The following is a true story of unbelievably bad luck…
5:15 p.m. –– Creative Director Scott Camarati and I pull into the parking lot of a nearby home improvement store. It’s practically empty because of a snowstorm.
A client has given us a last-minute emergency assignment: Design a better layout for arranging their products on this retailer’s shelves.
They need it for a meeting.
The next day.
No pressure there.
So we plow our way to the store to document where each product already is. (A painstaking but necessary first step.)
The problem: Store managers get nervous with people making notes and taking photos in their store, even if you explain your good intentions.
So tonight we’re going straight to Plan B:
- Walk in real casual like.
- Get the info.
- Get the heck outta there.
A store full of customers is best for this. They keep the employees busy and make it easier for us to “blend in.”
But not tonight.
The store is practically deserted. The sales staff is gonna swarm us like vultures on roadkill.
Entering the store we give a polite brush-off to the greeter without breaking stride. One down.
Halfway to our aisle a second salesperson asks. We keep walking, smile and say we know what we need, thanks.
Moments later a third employee approaches, but we outrun her and she eventually gives up the chase.
For the moment we’re in the clear. There’s no one – employee or customer – between us and Aisle 32. Encouraged, we pick up the pace, turn the corner…
… and come to a screeching halt.
There stands a lone customer, right where we need to work.
He’s the only customer in the entire building as far as we can tell. A kindly-looking, silver-haired gentleman of at least 80.
I’m not a mathematician, but I’ll bet the odds of us encountering someone at that exact spot – at the exact moment – in the middle of a blizzard – are pretty slim. You probably stand a better chance of spotting Bigfoot in Parma.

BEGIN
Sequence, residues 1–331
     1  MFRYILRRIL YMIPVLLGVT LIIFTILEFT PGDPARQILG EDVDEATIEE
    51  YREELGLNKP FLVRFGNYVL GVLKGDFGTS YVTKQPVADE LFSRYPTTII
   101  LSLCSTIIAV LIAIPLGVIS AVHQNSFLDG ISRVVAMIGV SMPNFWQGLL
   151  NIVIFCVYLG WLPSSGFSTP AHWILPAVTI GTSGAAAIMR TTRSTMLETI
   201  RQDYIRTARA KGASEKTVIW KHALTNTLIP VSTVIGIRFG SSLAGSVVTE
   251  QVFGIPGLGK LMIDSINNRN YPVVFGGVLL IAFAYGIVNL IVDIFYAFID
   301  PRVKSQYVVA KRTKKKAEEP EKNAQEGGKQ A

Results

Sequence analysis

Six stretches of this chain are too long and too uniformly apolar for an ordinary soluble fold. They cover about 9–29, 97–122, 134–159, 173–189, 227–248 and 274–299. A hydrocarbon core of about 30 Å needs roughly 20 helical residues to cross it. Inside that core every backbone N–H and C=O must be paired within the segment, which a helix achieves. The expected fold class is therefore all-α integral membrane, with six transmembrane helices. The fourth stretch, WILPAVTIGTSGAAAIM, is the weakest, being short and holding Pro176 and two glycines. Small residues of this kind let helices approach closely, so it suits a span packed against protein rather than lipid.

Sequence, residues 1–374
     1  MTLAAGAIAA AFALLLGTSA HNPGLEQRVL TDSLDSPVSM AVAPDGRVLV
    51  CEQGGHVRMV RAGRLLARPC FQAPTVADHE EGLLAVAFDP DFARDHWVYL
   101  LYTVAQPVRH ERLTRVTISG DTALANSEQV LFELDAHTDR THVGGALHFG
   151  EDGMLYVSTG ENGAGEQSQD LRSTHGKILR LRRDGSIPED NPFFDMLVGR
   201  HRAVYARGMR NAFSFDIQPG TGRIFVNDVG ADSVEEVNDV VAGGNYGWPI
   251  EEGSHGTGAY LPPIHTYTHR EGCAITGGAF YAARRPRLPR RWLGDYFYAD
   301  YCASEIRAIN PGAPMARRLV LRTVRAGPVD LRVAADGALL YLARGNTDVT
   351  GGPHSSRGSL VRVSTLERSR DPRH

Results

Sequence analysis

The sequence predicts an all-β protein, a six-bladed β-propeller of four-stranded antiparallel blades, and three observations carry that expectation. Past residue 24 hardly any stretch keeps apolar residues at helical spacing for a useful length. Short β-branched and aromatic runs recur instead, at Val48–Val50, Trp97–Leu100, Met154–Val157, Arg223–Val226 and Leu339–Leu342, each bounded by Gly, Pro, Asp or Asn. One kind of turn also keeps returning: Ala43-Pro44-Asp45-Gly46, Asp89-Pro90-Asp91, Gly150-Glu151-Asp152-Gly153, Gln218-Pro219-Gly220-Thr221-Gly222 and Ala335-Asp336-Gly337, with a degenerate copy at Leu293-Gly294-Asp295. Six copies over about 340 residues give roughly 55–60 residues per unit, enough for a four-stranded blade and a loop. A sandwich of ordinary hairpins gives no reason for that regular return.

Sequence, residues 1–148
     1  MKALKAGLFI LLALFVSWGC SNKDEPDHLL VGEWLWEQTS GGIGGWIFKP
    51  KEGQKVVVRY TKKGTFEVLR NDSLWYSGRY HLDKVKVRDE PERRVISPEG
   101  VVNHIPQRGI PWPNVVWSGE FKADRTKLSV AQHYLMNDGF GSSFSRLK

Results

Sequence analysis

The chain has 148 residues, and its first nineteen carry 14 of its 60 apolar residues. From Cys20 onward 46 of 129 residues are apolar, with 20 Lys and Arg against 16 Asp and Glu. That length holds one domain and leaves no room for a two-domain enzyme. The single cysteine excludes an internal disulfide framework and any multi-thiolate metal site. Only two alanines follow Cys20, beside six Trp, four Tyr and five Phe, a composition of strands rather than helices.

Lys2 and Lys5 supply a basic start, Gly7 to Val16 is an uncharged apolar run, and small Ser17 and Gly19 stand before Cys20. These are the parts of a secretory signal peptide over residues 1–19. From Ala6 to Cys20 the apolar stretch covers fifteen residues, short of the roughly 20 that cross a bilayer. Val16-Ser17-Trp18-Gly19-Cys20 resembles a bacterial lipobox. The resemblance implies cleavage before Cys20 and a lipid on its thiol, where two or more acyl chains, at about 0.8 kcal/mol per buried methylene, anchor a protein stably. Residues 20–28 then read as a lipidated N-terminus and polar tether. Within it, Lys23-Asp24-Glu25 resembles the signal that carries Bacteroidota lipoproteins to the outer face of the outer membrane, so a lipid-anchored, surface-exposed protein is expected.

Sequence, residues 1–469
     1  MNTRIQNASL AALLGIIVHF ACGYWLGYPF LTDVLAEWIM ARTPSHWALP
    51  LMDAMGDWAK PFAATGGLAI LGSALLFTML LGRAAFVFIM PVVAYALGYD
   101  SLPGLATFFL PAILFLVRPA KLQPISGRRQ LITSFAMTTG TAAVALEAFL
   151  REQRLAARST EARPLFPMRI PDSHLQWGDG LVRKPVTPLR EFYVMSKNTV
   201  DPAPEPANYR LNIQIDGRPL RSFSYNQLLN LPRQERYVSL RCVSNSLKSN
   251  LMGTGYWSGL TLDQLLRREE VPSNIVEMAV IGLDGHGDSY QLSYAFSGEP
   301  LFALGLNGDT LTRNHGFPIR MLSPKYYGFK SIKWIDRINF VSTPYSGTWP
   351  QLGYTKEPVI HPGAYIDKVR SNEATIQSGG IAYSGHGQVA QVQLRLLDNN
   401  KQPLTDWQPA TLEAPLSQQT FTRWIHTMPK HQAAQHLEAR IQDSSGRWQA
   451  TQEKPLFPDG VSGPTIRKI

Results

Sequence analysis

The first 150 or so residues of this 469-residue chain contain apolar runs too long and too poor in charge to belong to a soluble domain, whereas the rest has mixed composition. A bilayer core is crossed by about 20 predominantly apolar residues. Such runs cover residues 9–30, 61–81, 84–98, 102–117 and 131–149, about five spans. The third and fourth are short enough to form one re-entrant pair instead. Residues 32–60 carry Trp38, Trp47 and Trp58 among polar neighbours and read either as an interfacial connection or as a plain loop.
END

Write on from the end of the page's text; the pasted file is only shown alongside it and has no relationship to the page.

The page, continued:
Yet there he is.
And from what we’re seeing he’s not going anywhere, anytime soon.
Struggling to maintain our composure as precious minutes tick by, we watch as he slowly – thoroughly – scrutinizes a package in his hands…
…then puts it back
…then carefully examines another
…then compares the two.
In the time it’s taking him to decide between Products A and B, they could have unearthed Tut’s tomb.
I begin to feel a throbbing over my right eye, the kind that signals my BP is exceeding the healthy range.
By contrast, the old man has long ago dispensed with any sense or urgency, or any concept of time for that matter. He proceeds at a reptilian pace, as though caught in a molasses-like time dimension. (Shatner grappled with something similar in episode 66.)
The minutes drag painfully on. We have no choice but to stand there in a cold, desperate sweat…and wait.
(NOTE TO SELF: Pick a happier topic next time. This one’s forcing you to re-live the horror.)
Hold it…did he?…YES!! The guy moved! He moved!
Granted, it’s a mere two feet to the right – and he did it so slowly we almost didn’t notice – but it gives us access to at least a portion of what we need.
Finally, some progress!